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Mutual Causality in Buddihism and General Systems Theory: The Dharma of Natural Systems (Suny Series, Buddhist Studies) (SUNY Series in Buddhist Studies) Paperback – 3 Jul 1991


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Product details

  • Paperback: 256 pages
  • Publisher: State University of New York Press; 1st Edition edition (3 July 1991)
  • Language: English
  • ISBN-10: 0791406377
  • ISBN-13: 978-0791406373
  • Product Dimensions: 15.2 x 1.5 x 22.9 cm
  • Average Customer Review: 5.0 out of 5 stars  See all reviews (3 customer reviews)
  • Amazon Bestsellers Rank: 42,538 in Books (See Top 100 in Books)

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About the Author

Joanna R. Macy is Adjunct Professor at the California Institute of Integral Studies in San Francisco and Starr King School for the Ministry in Berkeley. She is the author of Despair and Personal Power in the Nuclear Age; Dharma and Development; Thinking Like a Mountain: Toward a Council of All Beings (with John Seed, Pat Fleming, and Arne Naess); and World as Lover, World as Self.

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10 of 10 people found the following review helpful By kathamandu@aol.com on 31 Oct. 2000
Format: Paperback
As the title implies this book deals both with Buddhism and General Systems theory. The author has sensed a compatibility between the two and developed her theme exploring both in the context of each other in a rich and fruitful way. She emphasises the dynamic and interconnected nature of both systems of thought and their application and relevance to both everyday daily activity and choices as well as to the most profound philosophical and existential dilemas that we face in the world today.
Macey is passionately aware of environmental problems and their roots, she uses Systems theory and the Buddhist conception of interconnectedness to understand them more deeply by examining the very process of how we and our experience are part of the general system earth or universe. In this way she leaves us with a sense of our relatedness to our environment which we can ignore only at great risk to our conscious integrity. To do damage to our world is to damage ourselves.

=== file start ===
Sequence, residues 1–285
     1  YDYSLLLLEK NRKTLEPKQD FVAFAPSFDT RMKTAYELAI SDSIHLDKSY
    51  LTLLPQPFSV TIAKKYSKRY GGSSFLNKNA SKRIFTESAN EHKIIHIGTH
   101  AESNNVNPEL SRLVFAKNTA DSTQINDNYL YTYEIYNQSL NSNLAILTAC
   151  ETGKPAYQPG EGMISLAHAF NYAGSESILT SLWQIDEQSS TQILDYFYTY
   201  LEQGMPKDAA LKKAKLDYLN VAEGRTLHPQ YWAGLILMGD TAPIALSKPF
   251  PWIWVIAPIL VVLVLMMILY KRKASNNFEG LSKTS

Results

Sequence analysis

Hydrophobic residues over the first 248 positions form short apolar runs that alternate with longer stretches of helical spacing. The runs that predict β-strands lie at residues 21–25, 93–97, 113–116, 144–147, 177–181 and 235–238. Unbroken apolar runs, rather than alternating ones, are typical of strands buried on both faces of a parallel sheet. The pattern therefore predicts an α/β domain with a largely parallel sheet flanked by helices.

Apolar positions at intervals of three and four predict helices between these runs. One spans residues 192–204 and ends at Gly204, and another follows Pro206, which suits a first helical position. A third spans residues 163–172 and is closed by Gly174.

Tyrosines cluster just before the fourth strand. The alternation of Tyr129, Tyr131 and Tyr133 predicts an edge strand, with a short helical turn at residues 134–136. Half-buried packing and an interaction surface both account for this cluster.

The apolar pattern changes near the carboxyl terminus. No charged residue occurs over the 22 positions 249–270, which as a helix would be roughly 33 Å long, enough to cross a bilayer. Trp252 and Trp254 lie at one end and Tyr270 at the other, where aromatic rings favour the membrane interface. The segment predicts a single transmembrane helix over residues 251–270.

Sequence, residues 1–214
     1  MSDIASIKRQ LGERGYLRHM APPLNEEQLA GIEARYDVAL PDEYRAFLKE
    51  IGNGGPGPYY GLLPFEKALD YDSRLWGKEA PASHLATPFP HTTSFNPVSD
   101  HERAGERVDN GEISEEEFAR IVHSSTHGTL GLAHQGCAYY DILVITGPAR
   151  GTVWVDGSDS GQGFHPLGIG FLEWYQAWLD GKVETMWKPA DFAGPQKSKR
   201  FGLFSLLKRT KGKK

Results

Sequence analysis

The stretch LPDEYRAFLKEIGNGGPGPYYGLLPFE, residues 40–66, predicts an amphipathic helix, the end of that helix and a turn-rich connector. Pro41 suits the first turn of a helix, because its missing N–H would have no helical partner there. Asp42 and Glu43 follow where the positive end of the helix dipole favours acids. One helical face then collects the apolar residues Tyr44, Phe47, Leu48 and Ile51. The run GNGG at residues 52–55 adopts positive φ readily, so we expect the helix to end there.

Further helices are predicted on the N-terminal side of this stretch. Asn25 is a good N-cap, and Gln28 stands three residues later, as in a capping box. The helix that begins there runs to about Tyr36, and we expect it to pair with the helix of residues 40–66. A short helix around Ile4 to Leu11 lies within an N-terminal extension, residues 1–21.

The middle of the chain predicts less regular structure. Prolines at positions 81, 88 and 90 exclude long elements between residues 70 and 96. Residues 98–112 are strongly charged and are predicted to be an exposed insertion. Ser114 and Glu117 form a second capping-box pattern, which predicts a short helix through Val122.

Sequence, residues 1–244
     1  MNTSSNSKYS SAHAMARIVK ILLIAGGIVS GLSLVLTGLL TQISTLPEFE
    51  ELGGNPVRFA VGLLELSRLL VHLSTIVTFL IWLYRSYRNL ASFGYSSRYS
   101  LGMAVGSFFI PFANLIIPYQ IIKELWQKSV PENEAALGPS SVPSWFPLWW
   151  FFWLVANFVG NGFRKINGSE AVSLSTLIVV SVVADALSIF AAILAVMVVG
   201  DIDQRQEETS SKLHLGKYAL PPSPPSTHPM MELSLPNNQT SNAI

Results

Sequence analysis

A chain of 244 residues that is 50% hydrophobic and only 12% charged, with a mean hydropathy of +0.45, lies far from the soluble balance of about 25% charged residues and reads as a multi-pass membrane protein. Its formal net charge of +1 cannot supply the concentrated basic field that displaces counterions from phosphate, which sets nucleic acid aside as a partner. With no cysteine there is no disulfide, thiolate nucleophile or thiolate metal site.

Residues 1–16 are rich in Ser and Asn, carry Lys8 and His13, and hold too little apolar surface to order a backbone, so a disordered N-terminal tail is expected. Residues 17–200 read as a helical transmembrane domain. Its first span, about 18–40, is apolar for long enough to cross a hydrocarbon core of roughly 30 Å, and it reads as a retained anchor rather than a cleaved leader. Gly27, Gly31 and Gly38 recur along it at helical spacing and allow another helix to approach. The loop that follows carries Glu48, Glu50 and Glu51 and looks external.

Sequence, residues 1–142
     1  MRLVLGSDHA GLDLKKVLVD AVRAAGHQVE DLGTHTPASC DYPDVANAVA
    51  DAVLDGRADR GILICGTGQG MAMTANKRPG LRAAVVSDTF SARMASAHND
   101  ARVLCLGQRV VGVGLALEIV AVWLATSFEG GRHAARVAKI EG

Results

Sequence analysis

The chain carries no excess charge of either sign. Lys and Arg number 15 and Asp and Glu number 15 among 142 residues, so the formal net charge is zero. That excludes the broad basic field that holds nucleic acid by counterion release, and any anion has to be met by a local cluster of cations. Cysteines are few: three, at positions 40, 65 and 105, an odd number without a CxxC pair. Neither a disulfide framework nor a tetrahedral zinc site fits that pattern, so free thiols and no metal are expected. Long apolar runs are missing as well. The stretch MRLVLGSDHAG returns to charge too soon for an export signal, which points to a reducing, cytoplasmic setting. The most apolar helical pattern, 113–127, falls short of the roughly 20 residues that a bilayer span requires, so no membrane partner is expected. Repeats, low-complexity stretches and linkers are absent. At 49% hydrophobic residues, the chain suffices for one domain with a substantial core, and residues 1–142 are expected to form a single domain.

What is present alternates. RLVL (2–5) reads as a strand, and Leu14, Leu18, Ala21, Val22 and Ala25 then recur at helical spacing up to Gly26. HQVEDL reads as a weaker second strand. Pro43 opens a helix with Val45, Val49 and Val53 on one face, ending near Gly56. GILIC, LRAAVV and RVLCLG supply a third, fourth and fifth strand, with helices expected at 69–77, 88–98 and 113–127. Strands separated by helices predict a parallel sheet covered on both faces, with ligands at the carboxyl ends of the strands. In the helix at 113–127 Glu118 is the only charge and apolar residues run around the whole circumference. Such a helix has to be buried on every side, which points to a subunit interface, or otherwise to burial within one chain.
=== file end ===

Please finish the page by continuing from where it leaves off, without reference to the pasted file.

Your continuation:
A short review can not do justice to the sense of journey that one makes when reading this highly readable book.
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1 of 1 people found the following review helpful By Dr. W. J. O. Boyle on 23 Feb. 2009
Format: Paperback Verified Purchase
Well I havnt finished reading this book yet. Its a slow read. But worth while. I'm a Electronic Engineer - Applied Physicist going into Control Engineering and Systems Management. Im also a Buddhist for many years. The thesis and concepts in this books resonate strongly with my sensibilities - so I like that. But it is also awfully well researched and very clearly written. I'm writing a paper on the future viability of systems enginering and this books really helps there. I recommend it!
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5 of 7 people found the following review helpful By A Customer on 2 Jan. 1998
Format: Paperback
I knew there was some reason I was attracted to both General Systems and Buddhism, and that they had something in common. This book told me why.
Joanna Macy maintains her "scholastic" focus on the task of comparing these two systems of thought throughout the text, and thereby succeeds briliantly in explaining the basic meaning (singlular) of both systems.